Ivana was the doorgirl, the gatekeeper who screened out the tired, the poor and the huddled masses unless they were on the guest list or willing to do bottle service. This couldn’t be good — she never worked Mondays.
“Fabian is promoting tonight.” Ivana shrugged.
My eyes rolled involuntarily. It was the least offensive body language I could muster. Fabian was a flamboyant wisp of aging Eurotrash boyishness, a friend and enabler to porn actors and gangbangers that no other club would let in. But as long as he kept the owner bi-sexual, I was just going to have to deal with it.
“Where’s Freddy?” I unhooked the rope and slid past Ivana as she pointed inside the club.
I’m not a huge guy, so there’s not many 5’7, 150lbs guys I felt comfortable working with. In fact, Freddy was about the only one. Taiwanese by way of Canada, he was a stuntman, a Thai Boxer and a Hayastan Judo guy who did it all with a smile on his face. And tonight he was going to need it. On Mondays, he was the only other muscle working with me. I found him on the back porch.
“Hey, did you know this was going on?”
He shook his head. “I showed up and it was like this. I’ve been running around ever since.” He looked more nervous than I liked. I couldn’t blame him. We knew no cavalry was coming for us. “Dude, I worked today…” That meant he’d been up with the rooster throwing himself off buildings or diving through car windows or whatever else stunt people do to earn paychecks. That meant, “…I’m tired.”
He didn’t need me to tell him I was the same way. My eyes were already bloodshot from lack of sleep. My contact lenses burned in my eyes. I’m sure I looked dogged out. “Hey bro, I’ll take the door. You stay on the back porch. We’re gonna lock this bitch down.”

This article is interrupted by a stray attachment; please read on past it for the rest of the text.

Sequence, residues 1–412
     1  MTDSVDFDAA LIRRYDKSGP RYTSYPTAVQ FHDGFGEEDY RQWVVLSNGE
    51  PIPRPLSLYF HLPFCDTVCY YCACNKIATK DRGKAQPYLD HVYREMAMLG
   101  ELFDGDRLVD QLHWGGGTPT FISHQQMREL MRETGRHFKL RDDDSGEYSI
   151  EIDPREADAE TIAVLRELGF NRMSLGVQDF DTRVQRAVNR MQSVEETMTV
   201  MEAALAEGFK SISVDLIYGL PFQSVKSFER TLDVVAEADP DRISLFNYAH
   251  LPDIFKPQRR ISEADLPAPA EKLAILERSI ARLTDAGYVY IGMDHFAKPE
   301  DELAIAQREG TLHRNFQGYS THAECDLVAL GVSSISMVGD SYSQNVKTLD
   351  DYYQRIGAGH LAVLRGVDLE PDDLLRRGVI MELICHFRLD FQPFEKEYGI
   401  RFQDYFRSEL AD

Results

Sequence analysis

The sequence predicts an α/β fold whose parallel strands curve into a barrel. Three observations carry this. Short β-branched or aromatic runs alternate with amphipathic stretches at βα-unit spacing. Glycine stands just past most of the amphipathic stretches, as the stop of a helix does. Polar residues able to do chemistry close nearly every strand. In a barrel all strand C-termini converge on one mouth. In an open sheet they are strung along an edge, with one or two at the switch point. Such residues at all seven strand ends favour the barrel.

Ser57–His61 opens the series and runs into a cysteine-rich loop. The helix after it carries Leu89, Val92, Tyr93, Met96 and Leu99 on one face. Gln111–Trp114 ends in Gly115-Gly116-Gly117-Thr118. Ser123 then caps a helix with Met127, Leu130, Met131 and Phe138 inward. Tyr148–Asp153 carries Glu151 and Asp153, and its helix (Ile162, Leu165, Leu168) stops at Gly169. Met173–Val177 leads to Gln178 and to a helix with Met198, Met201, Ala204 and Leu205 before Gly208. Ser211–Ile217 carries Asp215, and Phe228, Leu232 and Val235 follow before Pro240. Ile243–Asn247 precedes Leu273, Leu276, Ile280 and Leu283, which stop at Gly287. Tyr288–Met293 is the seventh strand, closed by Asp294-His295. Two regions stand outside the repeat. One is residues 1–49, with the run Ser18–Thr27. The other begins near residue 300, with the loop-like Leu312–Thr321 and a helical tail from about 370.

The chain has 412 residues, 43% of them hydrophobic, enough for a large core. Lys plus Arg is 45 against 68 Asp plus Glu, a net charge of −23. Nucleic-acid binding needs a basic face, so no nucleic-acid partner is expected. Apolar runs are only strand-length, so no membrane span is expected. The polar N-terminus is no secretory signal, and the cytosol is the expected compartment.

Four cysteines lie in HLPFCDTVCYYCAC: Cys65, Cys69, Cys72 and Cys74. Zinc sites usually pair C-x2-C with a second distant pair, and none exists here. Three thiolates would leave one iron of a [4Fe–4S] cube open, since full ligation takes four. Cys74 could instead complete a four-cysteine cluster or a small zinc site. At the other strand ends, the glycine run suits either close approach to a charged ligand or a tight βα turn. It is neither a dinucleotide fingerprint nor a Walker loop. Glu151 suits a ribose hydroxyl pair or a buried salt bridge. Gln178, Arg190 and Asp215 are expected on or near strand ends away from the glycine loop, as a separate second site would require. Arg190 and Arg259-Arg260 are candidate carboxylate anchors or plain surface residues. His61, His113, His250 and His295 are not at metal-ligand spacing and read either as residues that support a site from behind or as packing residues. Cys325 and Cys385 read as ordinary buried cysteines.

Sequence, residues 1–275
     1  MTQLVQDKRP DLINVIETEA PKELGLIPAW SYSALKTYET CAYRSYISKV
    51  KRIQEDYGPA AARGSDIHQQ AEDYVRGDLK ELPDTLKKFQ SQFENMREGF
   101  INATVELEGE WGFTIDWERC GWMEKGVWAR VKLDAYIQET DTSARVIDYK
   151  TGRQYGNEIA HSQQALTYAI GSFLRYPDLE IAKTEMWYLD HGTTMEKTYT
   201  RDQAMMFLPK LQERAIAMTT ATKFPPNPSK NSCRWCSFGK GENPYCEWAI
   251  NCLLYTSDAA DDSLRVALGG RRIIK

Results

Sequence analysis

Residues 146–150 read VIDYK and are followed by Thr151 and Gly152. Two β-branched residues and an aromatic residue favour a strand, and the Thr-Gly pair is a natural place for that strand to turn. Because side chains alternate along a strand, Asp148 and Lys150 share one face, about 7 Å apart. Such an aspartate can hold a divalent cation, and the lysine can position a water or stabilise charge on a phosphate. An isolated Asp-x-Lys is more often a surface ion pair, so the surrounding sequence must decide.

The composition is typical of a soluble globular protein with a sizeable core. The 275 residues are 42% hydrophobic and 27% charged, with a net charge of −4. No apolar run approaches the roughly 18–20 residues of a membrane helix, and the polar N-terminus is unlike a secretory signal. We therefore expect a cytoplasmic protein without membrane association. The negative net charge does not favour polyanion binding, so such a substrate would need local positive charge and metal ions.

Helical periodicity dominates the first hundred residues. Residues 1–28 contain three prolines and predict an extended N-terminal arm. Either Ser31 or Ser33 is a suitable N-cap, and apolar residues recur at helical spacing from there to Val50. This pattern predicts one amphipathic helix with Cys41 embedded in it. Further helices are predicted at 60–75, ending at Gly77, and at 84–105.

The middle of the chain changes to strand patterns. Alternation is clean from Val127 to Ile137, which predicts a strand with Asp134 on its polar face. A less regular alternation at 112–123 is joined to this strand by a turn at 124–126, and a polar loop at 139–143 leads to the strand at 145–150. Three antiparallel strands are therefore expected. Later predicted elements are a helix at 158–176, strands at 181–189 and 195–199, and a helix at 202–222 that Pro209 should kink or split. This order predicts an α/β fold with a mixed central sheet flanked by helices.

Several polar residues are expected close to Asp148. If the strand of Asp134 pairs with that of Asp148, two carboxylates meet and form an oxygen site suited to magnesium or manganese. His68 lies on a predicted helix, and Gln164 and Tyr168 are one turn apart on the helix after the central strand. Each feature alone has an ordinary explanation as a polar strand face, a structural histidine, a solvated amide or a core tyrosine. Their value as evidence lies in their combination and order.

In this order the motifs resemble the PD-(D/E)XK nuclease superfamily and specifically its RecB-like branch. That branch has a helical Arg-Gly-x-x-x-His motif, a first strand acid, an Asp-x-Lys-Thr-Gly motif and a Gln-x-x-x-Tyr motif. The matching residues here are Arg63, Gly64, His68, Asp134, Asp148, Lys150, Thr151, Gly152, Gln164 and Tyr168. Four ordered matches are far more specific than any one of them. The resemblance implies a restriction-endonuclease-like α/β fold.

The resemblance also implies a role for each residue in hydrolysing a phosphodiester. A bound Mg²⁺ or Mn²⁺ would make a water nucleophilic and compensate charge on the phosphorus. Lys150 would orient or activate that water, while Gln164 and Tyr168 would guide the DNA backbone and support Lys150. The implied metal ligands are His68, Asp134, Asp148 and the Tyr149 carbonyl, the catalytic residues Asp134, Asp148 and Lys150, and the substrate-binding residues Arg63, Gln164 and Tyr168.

So, of course, we were both racing all over the place.
My face rigid with tension, gritting my teeth until the night could end, I moved from one minor crisis to the next. Katrina, our cocktail waitress, was the first to pull me from the door. “There’s a guy who keeps bugging me at the register.”
I approached the six-foot tall Armenian and placed a gentle hand on his plether-jacketed elbow. He turned and I gave him a professional smile. “You having a good time, brother?” He ducked his ear close to me to hear better. That was a good sign. He couldn’t be too far gone. He must have put two and two together and figured out that the long-haired, unshaven, biker-gloved dude in front of him was security.
“Hey, brother, do me a favor. Leave my waitress alone when she’s at the register OK? There’s not enough room back there for the two of you.”
Wheels spun behind his dark, foggy, liquor-dulled eyes. I could see each option as he considered it. Was this an insult? Could he fight me? Would he win? I was glad he opted for reason. “Bro, I’ve been waiting for my round for a damn hour.”
I didn’t doubt it. The bar was four rows deep and the room was shoulder-to-shoulder. Even the barback was slinging drinks just to help out the bartender, Angie.
“I’ll take care of you, bud.” I turned towards the bar. “EXCUSE ME FOLKS. DO ME A FAVOR AND MOVE ASIDE, PLEASE.” Startled partypeople shuffled aside as I muscled past them, my Armenian buddy in tow. “Angie, baby.”
Angie paused, mid-pour.